On King Louis XII's death in 1515, he was accredited to negotiate various matters with the King. Love between Charles and the young Dowager Queen Mary had existed before her marriage, King Francis I roundly charged him with an intention to marry her. King Francis in the hope of his wife Queen Claude's death, had himself been one of Mary's suitors in the first week of her widowhood, in which Mary had asserted that she had given him her confidence in order to avoid his overtures. King Francis I and King Henry VIII both professed a friendly attitude towards the marriage of the lovers, but Charles had many political enemies, Mary feared that she might again be sacrificed for political considerations; the King's Council, not wishing to see Charles Brandon gain further power at court, were opposed to the match. The truth was that King Henry was anxious to obtain from King Francis the gold plate and jewels, given or promised to his sister Mary by King Louis XII as well as the reimbursement of the expenses of her marriage with King Louis.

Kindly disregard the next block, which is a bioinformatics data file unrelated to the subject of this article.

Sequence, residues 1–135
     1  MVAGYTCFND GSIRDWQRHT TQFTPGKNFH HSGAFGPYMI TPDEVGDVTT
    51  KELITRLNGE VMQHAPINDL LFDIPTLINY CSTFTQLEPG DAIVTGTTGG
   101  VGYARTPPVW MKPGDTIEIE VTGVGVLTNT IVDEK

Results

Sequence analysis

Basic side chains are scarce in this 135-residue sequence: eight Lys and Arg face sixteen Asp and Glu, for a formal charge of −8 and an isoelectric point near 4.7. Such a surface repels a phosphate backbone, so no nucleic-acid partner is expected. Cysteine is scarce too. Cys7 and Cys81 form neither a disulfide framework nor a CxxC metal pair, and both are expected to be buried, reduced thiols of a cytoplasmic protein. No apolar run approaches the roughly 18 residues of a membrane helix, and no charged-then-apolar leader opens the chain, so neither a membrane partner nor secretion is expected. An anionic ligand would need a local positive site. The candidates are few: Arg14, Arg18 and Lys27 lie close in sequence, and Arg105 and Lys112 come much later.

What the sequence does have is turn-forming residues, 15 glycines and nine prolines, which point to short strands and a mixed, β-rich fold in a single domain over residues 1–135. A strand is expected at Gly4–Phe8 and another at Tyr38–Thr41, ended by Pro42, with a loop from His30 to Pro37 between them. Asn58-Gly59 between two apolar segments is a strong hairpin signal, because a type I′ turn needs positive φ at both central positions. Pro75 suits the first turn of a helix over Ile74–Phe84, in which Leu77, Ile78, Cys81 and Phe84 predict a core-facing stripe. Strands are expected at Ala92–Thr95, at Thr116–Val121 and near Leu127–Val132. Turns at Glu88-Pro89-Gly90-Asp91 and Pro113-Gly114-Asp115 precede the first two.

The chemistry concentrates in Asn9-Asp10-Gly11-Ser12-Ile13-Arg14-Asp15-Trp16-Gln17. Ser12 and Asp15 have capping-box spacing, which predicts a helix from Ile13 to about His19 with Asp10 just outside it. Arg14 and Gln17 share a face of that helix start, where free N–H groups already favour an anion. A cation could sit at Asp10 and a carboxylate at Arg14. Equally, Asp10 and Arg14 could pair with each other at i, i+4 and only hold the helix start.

However, when Charles was sent to bring Mary back to England, King Henry VIII made him promise that he would not propose to her. Once in France though, Charles was persuaded by Mary to abandon this pledge; the couple wed in secret at the Hotel de Clugny on 3 March 1515 in the presence of just 10 people, among whom was King Francis I. Charles announced their marriage to Thomas Wolsey, their fast friend. Technically, this was treason as Charles Brandon had married a royal princess without King Henry's consent. Thus, King Henry VIII was outraged, the privy council urged that Charles should be imprisoned or executed, he was only saved from King Henry's anger by Wolsey and from the affection that the King had for both his sister and for him. Hence, the couple got off and were charged only with a heavy fine of £24,000 to be paid to the King in yearly installments of £1000, as well as the whole of Mary's dowry from King Louis XII of £200,000, together with her plate and jewels. Nonetheless, the fine was reduced by the King.
They were openly married at Greenwich